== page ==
Hawaii Family Forum Legislative Week in Review
Weekly Recap January 11, 2019
40-70 planned suicides in 2019?
Hawaii's assisted suicide law (Our Care Our Choice) went into effect on January 1, 2019. The Hawaii State Department of Health was quoted as saying that 40-70 of Hawaii's community members will most likely avail themselves of the new law.
In an article dated January 1st, the Star Advertiser reported that Lorrin Kim, Chief of the DOH Office of Planning, Policy and Program Development, stated that they have "had three or four cold calls from interested family members with loved ones with six month or less prognoses. Those relatives were highly motivated and appear to have done their homework in studying the text of the law so we helped as much as we could." We sincerely hope that the patients are as interested as the "relatives" making the inquiries.
A few days later, on January 3rd, the Star Advertiser ran another story with another quote from Lorrin stating that the prescribed dose is "poison." She went on to say that these "are large doses of very potent drugs so [they] are still in the process of developing guidance to families and guidance to pharmacies on the proper safekeeping and storage of this medication."
Echoing our concerns during the debate they seem very concerned that the "medication" could end up in the wrong hands - namely, our keiki. She stated in the article that they want to make sure that "curious kids or other folks who may think these are opioids that maybe have some street value (don't get them)." On that point, we strongly agree.
Finally, most of the news stories rightfully report that pain is not why people choose assisted suicide. In fact, according to Oregon's 2017 public health department, the top three reasons people choose assisted suicide in the state are decreasing ability to participate in activities that made life enjoyable (88.1%), loss of autonomy (87.4%), and loss of dignity (67.1%).
Watch Bishop Larry Silva's video messages to Hawaii's Catholic Community.
From Around the Nation
Abortion Rider in Appropriations Bill
January 3, 2019 On the first day of the new congressional session, the House of Representatives passed a spending bill that includes a provision to repeal a pro-life policy. The bill was one of two appropriations bills passed on Thursday in an attempt to end the partial government shutdown.
The bill, which would resume funding for the federal government, includes language that would repeal the Protecting Life in Global Health Assistance policy, which prevents non-governmental organizations from receiving U.S. health assistance funds if they either promote or provide abortions.
Both of Hawaii's congressional House members, Representative Ed Case and Representative Tulsi Gabbard voted YES on the bill.
January 13, 2019: Religious Freedom Sunday
Family Research Council is offering FREE resources and tools for Religious Freedom Sunday (January 13, 2019) . See below for Bulletin Inserts that can be printed double-sided, then cut in half for an easy, informative insert for your church.
We encourage you to check out Heritage's new landing page, What You Need to Know About Religious Freedom. There you will find information on the impact of faith-based organizations in America as well as a series of frequently asked questions about religious freedom to facilitate conversation with you and your family, friends, and colleagues.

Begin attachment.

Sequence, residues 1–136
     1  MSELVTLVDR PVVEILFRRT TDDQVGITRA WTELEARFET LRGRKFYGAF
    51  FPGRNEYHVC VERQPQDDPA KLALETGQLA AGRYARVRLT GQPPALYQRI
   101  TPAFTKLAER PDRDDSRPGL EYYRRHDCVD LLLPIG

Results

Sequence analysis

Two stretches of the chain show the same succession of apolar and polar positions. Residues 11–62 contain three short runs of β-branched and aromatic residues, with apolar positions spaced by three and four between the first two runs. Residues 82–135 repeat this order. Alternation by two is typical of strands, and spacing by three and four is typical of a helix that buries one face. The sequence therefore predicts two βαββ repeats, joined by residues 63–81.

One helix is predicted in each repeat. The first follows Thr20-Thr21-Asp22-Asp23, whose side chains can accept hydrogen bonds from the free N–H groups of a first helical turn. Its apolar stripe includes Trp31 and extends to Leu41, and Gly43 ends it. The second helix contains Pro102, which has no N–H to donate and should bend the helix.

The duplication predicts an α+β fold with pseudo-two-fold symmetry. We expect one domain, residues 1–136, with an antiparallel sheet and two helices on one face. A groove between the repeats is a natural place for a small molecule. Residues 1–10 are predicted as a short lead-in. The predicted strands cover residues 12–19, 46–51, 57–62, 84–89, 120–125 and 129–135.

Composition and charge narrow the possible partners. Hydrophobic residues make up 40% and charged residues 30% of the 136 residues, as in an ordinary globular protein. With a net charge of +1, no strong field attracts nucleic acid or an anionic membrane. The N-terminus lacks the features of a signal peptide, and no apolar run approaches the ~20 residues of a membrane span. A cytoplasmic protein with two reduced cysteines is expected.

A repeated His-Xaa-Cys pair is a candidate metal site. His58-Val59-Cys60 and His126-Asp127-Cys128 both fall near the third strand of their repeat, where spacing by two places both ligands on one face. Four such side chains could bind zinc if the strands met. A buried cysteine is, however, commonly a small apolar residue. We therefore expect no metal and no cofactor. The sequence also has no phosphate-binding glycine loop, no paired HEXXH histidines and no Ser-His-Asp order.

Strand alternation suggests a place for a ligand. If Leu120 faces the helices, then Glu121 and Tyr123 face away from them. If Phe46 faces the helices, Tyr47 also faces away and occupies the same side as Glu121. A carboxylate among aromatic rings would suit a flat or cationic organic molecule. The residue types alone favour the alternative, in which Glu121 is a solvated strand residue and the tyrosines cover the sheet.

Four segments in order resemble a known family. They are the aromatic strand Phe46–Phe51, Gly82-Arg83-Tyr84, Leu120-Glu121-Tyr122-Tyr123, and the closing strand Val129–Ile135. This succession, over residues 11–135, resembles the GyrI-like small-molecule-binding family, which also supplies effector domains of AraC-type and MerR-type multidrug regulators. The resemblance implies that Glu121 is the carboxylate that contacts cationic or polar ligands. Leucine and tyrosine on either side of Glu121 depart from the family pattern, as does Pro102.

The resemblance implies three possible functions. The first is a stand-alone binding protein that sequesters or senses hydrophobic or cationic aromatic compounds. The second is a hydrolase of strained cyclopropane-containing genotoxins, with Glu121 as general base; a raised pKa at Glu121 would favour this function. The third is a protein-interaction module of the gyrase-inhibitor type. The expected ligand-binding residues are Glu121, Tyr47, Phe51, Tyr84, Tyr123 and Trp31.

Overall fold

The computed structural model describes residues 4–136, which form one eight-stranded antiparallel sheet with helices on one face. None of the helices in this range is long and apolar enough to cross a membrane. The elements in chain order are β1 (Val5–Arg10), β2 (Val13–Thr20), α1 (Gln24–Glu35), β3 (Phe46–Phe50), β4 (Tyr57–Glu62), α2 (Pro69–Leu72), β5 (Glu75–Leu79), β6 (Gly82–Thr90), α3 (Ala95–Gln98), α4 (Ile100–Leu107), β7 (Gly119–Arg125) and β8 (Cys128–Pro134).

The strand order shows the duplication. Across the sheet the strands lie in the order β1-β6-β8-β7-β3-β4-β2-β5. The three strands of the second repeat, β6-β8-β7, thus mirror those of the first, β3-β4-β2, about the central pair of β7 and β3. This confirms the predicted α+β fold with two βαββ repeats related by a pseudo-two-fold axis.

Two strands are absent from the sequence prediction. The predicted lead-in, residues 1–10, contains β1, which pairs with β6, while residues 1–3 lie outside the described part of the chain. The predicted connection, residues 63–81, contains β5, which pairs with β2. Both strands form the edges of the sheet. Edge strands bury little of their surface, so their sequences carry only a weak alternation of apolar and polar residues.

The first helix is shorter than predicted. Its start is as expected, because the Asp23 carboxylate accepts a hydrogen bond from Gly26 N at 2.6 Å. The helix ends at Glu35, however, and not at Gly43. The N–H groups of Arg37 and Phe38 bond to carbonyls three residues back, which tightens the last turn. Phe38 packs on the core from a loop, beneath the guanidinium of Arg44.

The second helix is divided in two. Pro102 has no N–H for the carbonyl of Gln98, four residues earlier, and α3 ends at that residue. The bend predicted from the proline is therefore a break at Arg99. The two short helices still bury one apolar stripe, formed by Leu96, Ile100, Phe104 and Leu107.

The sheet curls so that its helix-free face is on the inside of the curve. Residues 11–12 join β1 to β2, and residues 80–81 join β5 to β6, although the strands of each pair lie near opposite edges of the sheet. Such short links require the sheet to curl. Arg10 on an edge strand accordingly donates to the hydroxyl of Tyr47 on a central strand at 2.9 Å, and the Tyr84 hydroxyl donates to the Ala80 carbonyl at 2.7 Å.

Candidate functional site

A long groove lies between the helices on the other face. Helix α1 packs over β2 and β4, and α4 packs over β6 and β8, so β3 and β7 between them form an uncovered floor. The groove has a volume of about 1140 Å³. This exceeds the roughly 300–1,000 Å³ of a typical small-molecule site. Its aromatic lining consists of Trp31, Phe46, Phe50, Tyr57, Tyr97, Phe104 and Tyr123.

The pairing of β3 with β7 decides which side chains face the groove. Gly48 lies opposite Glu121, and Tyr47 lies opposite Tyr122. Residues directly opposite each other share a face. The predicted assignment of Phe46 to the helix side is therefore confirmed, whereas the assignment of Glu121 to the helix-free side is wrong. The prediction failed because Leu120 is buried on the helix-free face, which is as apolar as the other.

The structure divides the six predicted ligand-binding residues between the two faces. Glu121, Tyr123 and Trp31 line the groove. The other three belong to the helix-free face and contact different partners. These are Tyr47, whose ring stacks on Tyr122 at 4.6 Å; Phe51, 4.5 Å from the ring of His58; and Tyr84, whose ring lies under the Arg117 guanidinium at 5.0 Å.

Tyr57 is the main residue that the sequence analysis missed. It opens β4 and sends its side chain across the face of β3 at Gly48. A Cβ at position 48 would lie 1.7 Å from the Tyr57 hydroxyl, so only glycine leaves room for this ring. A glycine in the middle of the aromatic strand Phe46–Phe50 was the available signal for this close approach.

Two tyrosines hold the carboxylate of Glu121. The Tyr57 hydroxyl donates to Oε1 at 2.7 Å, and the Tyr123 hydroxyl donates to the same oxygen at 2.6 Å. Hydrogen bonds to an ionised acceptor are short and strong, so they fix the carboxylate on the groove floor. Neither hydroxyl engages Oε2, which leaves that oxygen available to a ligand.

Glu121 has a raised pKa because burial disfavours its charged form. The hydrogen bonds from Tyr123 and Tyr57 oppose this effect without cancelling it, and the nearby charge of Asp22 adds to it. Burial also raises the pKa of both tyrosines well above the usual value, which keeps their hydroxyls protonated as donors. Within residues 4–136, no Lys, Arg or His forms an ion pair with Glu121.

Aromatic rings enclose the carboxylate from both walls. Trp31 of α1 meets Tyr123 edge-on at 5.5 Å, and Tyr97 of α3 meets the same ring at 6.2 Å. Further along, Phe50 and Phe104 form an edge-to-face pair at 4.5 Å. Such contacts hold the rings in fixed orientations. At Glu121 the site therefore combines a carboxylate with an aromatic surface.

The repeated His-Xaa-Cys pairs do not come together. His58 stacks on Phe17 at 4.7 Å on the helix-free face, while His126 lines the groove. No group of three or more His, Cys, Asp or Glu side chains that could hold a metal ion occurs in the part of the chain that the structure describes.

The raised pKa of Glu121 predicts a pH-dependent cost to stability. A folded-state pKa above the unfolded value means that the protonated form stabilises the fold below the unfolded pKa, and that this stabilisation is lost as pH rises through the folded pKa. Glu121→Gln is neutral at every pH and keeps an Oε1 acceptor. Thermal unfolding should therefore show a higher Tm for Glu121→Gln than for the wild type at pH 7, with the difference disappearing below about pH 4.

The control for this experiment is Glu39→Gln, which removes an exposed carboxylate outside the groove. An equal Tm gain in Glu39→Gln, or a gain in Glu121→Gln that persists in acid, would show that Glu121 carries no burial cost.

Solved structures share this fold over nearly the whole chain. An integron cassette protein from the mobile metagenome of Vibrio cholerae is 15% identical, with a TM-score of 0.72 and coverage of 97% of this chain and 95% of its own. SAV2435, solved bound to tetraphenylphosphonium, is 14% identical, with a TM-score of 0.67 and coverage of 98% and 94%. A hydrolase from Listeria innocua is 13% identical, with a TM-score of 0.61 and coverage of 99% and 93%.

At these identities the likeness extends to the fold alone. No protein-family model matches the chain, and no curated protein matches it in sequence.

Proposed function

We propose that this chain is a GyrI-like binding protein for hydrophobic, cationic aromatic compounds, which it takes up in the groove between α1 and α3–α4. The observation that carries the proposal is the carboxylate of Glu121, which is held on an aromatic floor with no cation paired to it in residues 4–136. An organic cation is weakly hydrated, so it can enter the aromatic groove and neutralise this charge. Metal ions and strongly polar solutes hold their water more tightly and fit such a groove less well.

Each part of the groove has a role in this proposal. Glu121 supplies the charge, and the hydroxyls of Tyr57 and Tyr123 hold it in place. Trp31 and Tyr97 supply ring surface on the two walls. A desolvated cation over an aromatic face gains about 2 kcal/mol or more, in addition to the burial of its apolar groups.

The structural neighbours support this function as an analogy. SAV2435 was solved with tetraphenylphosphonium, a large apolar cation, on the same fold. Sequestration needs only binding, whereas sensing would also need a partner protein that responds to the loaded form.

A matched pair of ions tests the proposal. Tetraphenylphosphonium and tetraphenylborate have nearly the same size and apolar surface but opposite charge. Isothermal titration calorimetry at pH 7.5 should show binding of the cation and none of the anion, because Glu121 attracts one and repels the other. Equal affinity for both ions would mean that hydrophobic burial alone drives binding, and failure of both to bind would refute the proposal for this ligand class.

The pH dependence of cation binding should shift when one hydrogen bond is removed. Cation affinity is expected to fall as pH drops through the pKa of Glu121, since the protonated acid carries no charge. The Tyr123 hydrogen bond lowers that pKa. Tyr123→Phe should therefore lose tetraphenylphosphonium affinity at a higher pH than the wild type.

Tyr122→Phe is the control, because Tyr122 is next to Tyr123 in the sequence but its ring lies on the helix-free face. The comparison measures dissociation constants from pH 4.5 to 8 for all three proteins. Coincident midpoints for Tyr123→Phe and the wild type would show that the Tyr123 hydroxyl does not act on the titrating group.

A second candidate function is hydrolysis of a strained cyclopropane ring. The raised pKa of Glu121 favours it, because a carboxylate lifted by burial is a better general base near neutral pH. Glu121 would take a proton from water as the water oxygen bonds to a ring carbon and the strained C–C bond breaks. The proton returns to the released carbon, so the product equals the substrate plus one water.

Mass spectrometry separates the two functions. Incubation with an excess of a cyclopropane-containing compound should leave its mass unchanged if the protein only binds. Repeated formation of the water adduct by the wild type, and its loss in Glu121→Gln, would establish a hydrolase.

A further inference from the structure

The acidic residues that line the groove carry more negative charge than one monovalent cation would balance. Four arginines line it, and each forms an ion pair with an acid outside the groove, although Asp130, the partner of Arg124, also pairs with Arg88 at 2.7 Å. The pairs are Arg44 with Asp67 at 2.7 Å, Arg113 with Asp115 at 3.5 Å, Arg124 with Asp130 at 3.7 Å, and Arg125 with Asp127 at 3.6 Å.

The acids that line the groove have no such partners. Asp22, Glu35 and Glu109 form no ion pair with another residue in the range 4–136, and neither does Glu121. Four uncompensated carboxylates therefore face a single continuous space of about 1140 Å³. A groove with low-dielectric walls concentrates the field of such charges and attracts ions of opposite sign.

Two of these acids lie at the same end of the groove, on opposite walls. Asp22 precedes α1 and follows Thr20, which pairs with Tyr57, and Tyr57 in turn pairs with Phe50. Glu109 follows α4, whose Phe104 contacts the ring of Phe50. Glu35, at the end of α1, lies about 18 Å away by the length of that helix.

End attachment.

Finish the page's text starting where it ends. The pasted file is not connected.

January 22, 2019: March for Life
Please join the Hawaii March for Life which will be held at the State Capitol on Tuesday, January 22nd. The schedule is:
- 2:00 (sign waving, visit with elected officials)
- 3:30 (prayers, speakers, music)
- 5:30 (march around the block)
- 6:00 (circle of life in rotunda)
For more information call Aloha Life Advocates at (808) 722-2139
Upcoming Legislative Events
- OPENING DAY - Hawaii's constitution mandates that the regular legislative session starts at 10:00 a.m. on the third Wednesday of January.
- LAST DAY TO INTRODUCE ALL NON-ADMINISTRATION BILL PACKAGES - Bills bundled together by common interest groups and accepted and labeled as a package by the clerks. You can view the various packages of legislation by clicking on the "Reports and Lists" button.
- LAST DAY FOR ORGANIZATIONS TO SUBMIT GRANT AND SUBSIDY REQUESTS - Deadline for "Grant-in-Aid" (GIA) applications. Grants may be appropriated to nonprofit and other organizations for various public purposes that are recognized as priorities and are seen as complimentary to state government functions. Applications, information, and more specifics regarding the deadline appear under here.
- STATE-OF-THE-STATE ADDRESS - The Governor's annual address to the assembled joint legislature. The address presents an opportunity for the Governor to report on affairs of state, and to put forth recommendations and initiatives. Many visitors come to the Capitol to hear the Governor's speech and witness the proceedings from the gallery (accessible on the ground floor/atrium level).
- LAST DAY TO INTRODUCE ADMINISTRATION BILL PACKAGE - This is what is known as the "Governor's Package." The bills are prepared by executive branch agencies for consideration by the legislature, and are introduced on behalf of the executive branch by the President of the Senate and the Speaker of the House of Representatives. View Governor's messages here.
- STATE-OF-THE-JUDICIARY ADDRESS - The Chief Justice's biannual address to the assembled joint legislature.
- LAST DAY TO INTRODUCE BILLS- A bill is "introduced" when it has been filed with the House or Senate Clerk, who gives it a number (with an HB or SB prefix) and then puts it on the calendar for First Reading by the chamber. After First Reading, it is given its committee referrals which specify which committees must hear and pass the measure for it to succeed. Only legislators may introduce bills.